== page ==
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Captain Earle Wagner Marine Management Award
The Marine Affairs Program is pleased to announce the establishment of the Captain Earle Wagner Marine Management Award. The award is the result of a generous endowment from Captain Earle Wagner. It was developed to support the ideals of the Marine Affairs Program, and recognize Master of Marine Management students conducting visionary research on the impacts of climate change. Students are challenged to think originally about the impact of global warming on marine and human life, and make fact-based arguments related to their research.
Captain Wagner is a World War II veteran and member of the Marine Fraternity. His family has worked in the fishing industry since settling in Lunenburg in the eighteenth century. His grandfathers, father, and two brothers worked as mariners. Captain Wagner began his career as a merchant seaman and was later employed by the Department of Fisheries and Oceans as a Marine Superintendent. This role exposed Captain Wagner to the importance of marine management and the impacts of mismanagement on the North Atlantic cod fishery. Captain Wagner’s vast experiences in marine transportation led him to believe that, “our oceans, unexplored, contain undetermined resources that if discovered and utilized, could be a valuable asset to humanity.” The Captain Earle Wagner Marine Management Award was therefore created to challenge students to identify, research, and develop these resources to combat climate change.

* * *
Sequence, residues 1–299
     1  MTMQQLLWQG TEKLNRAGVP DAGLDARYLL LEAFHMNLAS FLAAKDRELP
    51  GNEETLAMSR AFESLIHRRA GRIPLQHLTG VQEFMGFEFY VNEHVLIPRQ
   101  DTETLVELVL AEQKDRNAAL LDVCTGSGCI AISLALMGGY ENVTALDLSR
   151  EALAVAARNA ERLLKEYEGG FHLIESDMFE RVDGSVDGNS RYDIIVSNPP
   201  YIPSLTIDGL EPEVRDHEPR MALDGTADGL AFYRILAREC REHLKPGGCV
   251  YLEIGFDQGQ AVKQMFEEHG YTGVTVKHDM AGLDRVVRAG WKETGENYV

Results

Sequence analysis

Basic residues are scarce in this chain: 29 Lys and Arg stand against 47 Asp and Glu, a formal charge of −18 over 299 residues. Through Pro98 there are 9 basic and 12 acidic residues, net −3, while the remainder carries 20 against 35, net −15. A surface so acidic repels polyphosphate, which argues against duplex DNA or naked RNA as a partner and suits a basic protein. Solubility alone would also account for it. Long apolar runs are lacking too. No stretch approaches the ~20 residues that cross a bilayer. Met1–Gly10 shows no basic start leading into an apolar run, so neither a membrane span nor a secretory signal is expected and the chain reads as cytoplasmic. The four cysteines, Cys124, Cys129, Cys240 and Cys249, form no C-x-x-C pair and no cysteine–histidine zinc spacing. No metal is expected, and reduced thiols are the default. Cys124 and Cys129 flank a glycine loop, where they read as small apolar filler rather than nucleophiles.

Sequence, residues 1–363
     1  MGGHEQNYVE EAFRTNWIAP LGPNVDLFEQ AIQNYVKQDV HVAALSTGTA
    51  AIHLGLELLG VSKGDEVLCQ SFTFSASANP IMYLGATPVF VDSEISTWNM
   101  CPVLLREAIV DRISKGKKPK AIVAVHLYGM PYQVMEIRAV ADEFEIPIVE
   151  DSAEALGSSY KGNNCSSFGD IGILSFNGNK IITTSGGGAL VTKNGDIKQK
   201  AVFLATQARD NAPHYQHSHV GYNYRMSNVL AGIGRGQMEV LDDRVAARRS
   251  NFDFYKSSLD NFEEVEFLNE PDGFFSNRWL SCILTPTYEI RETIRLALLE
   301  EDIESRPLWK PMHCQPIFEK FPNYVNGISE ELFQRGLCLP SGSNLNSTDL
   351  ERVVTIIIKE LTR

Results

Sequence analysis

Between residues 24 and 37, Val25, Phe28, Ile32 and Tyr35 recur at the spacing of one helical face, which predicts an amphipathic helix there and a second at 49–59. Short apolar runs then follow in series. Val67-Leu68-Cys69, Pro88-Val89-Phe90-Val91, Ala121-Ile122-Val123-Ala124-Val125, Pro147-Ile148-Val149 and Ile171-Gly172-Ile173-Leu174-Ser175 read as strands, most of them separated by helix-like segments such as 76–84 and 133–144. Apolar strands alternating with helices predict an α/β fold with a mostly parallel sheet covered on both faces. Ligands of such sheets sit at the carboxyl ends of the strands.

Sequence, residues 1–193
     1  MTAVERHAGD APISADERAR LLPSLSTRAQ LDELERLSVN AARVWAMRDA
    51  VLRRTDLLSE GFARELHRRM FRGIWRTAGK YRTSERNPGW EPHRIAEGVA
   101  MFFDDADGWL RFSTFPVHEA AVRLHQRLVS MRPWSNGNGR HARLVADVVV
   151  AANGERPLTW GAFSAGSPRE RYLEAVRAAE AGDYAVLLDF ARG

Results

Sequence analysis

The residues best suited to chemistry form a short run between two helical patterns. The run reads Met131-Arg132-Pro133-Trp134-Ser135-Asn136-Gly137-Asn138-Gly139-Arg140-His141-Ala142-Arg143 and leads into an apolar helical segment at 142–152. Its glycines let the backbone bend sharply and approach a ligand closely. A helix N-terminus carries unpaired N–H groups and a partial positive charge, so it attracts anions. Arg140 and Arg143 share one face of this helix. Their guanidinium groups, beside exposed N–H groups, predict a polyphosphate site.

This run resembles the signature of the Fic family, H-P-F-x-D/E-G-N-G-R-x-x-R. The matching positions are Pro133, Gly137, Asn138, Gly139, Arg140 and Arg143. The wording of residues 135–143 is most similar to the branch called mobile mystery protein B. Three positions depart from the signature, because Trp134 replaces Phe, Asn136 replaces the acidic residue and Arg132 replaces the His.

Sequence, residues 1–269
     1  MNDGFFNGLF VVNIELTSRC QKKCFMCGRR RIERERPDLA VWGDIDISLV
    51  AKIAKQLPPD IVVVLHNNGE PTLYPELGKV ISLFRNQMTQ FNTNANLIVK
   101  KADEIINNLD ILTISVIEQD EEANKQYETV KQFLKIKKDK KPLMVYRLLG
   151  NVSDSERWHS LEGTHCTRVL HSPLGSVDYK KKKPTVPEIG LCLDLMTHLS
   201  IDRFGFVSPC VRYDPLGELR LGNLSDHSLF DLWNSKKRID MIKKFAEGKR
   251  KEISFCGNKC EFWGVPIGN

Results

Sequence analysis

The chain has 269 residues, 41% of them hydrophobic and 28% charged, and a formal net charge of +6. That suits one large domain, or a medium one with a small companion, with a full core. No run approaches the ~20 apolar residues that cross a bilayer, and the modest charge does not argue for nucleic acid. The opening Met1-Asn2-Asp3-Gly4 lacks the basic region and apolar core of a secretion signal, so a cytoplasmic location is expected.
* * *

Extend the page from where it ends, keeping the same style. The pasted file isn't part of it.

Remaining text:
Marine Affairs would like to congratulate the first annual Captain Earle Wagner Marine Management Award recipient, Jessica Cucinelli. Jessica’s graduate project explored the effects of the proposed Baffinland Iron Ore Mine on marine shipping, the environment, and Inuit communities in the surrounding area. The study suggests that increasing ship traffic for the mine will negatively impact Inuit livelihood and Arctic wildlife. To combat the human and environmental risks, Jessica argues that resources must be focused on improving marine management strategies in the North while marine traffic in the region increases. Jessica is currently working as a research assistant on Dalhousie’s Demystifying Maritime Governance project commissioned by Clear Seas Centre for Responsible Marine Shipping in Canada and hopes to continue to focus on impact management in marine shipping.
The Marine Affairs Program would like to thank Captain Wagner for his vision, and generous support of Master of Marine Management students, and congratulate Jessica Cucinelli for her exceptional work.
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